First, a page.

Angela Mena isn’t sure what career field she plans to go into, but after living through COVID-19, there is one thing she has decided.
Whether she continues into the healthcare field after finishing her CNA clinicals last month or goes into teaching, the Verona Area High School Class of 2020 graduate said she wants to serve others.
“I didn’t really want to go into the medical field, and I started thinking about it a little more after (COVID-19) because I felt like I should help people,” she said.
The pandemic has turned lives upside-down for everyone, including students who took the semester-long certified nursing assistant course at VAHS, as well as students who already work as CNAs in the community. It also reduced the number of clinical hours CNA students were able to take part in to finish their certification.
For students currently in the CNA class, much of their classroom time was saved for practical experience, doing readings online as homework to be prepared to come in with some knowledge, said graduate Analise Sweeney. But when schools were ordered to close by Gov. Tony Evers in mid-March, classes went completely online, and students weren’t sure if they would be able to complete their clinical work.
“It was pretty hard,” graduate Pazao Thao told the Press while finishing up her last class of clinicals at the Madison College Goodman South campus. “We were so used to being in class and having a teacher there to guide us … when we switched over to completely online, we had to do quizzes online, for example, that needed supervision.”
And for senior Brooke Nielson, who works as a CNA at Four Winds Manor just east of Verona’s downtown, the pandemic changed how she did her job and interacted with residents.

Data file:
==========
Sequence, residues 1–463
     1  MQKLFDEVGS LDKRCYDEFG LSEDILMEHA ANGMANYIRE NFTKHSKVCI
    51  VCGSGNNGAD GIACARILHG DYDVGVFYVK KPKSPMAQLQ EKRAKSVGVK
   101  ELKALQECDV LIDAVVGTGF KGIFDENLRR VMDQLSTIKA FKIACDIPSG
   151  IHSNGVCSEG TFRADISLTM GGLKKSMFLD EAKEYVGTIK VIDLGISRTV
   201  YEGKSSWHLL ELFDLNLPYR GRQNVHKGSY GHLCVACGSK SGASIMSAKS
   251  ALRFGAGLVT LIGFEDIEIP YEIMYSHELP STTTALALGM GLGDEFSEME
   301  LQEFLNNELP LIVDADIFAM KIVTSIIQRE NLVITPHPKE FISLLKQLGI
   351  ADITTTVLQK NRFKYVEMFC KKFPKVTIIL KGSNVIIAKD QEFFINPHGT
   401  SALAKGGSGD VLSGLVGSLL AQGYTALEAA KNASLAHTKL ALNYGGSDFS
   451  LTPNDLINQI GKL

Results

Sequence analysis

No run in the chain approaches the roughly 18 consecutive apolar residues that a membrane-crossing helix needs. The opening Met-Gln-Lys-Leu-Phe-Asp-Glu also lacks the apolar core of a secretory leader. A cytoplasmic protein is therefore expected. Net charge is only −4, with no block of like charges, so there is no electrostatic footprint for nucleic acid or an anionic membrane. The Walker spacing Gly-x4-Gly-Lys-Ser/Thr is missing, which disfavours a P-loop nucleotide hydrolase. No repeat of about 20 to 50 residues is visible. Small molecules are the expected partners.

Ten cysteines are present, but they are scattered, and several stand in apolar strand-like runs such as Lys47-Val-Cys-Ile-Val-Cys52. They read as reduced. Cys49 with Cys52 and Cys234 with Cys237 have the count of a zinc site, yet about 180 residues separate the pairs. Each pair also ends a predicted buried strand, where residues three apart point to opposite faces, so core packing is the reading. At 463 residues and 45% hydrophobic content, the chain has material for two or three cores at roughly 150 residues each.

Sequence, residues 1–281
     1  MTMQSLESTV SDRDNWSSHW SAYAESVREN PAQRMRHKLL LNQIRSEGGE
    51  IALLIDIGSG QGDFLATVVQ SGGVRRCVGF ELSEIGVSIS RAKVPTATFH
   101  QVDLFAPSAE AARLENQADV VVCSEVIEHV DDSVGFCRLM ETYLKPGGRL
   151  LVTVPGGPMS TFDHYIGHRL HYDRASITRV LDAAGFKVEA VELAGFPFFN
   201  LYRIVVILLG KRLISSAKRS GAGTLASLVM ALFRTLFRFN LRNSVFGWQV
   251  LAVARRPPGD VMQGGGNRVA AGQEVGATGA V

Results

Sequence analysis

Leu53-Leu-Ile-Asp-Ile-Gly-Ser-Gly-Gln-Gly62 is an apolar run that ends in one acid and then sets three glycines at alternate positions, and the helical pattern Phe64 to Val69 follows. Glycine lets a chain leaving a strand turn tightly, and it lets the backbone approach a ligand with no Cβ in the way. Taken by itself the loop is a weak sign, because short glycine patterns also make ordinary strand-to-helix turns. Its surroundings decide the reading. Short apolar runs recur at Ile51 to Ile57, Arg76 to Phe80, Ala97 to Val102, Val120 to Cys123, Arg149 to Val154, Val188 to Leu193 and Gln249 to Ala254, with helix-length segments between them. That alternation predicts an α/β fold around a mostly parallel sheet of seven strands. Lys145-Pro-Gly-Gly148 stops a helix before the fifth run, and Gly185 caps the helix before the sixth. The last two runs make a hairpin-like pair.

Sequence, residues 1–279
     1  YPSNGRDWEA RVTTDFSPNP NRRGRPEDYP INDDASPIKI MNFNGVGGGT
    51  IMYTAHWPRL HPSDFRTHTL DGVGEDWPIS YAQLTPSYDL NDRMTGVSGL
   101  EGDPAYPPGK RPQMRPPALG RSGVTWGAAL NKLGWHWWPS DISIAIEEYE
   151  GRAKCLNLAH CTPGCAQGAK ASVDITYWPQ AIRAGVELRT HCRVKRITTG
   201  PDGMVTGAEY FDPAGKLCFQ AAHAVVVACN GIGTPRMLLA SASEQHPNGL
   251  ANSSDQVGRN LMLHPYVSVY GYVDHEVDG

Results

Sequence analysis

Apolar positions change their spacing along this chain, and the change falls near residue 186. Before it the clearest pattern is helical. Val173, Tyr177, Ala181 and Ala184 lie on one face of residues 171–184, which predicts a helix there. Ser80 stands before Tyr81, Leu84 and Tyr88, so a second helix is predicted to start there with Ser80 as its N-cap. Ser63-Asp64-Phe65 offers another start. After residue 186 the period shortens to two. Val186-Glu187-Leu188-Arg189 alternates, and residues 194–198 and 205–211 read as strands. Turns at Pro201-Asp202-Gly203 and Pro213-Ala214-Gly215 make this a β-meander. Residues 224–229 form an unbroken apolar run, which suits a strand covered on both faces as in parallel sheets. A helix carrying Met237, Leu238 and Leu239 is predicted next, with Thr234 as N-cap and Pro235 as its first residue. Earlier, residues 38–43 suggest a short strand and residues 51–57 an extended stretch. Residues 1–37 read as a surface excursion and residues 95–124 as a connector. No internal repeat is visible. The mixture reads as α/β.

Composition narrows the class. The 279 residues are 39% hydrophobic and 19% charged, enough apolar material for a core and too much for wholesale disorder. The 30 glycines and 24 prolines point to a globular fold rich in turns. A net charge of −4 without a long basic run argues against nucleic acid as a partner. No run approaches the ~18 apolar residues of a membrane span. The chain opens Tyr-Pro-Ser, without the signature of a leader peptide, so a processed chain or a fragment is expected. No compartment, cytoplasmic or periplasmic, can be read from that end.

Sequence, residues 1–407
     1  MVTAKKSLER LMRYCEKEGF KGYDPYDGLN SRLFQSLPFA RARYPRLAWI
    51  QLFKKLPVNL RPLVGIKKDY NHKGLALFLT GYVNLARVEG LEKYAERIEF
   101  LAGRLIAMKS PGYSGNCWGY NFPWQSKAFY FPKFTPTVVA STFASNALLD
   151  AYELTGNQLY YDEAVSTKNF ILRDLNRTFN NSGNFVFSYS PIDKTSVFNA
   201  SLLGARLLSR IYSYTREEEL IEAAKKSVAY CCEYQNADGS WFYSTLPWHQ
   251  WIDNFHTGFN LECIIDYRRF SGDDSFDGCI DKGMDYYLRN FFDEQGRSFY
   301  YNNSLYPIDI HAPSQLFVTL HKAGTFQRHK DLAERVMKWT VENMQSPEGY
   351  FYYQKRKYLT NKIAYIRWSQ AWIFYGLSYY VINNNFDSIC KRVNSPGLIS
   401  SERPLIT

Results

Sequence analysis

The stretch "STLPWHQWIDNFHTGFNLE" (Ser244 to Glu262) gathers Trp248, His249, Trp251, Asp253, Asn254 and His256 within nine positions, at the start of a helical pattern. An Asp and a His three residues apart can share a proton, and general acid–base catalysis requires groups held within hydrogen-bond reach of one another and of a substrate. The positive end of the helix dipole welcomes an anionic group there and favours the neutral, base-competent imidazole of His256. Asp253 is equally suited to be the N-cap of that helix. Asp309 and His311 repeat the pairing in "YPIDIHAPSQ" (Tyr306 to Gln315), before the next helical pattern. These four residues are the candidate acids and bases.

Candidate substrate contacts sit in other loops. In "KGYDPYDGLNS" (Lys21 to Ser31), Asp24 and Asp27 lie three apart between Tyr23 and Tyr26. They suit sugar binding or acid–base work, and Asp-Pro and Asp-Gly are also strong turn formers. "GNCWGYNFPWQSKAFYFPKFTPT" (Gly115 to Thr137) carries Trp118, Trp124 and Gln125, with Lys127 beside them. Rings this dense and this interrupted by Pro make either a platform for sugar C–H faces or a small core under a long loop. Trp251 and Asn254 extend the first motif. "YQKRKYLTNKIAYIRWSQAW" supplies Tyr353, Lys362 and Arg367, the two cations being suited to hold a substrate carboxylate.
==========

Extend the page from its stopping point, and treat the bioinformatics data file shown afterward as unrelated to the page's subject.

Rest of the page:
“We have to wear the same mask for many days in a row, and that can be a little scary, but I want to be there for the residents as much as possible, to just let them know that we’re still there for them,” she said.
Nielsen said with surgical-grade masks a mandatory part of the dress code at Four Winds, it poses different challenges to providing personalized care. Body language is an important part of how CNAs communicate with residents, she added, and her usual tactic of always having a smile on her face is more difficult to achieve with a mask over it.
But being a CNA for a vulnerable population during the pandemic has reaffirmed for Nielsen her decision to work in healthcare after high school, Nielsen said.
“I was pretty dead-set before, but I think just seeing how the support we give really impacts the residents has helped cement that for me,” she said.
Sweeney, who also plans to go into healthcare for a career, said watching coverage of COVID-19 where hospitals were becoming overcrowded and doctors and nurses were quitting over lack of Personal Protective Equipment was frightening, but didn’t turn her away.
Thao agreed, adding that because no one knew what COVID-19 was, no one was prepared for it.
“Since we didn’t have all of the training we needed, it’s especially scary,” she said. “We didn’t go through clinicals, we didn’t have the same experience as previous students … at the same time, it was something new, so we had to go along with what we had.”
The transition to being fully online wasn’t the only change to the CNA course for VAHS students.
In addition to having to finish their make-up clinicals during the second week of June instead of during the school year, the required hours were cut from 16 to eight. During the clinicals, spread over a two-day span at Madison College, students learned how to do skills required for certification, including dental hygiene, lift patients out of beds and change catheters on mannequins.
Sweeney added that her class was lucky that much of their learning had been done in-school based on the timing of the COVID-19 closures and that taking tests online had been more relaxing for her, anyways.
“It was kind of disappointing that we didn’t get to do the clinicals and do the hands-on (portion),” she said.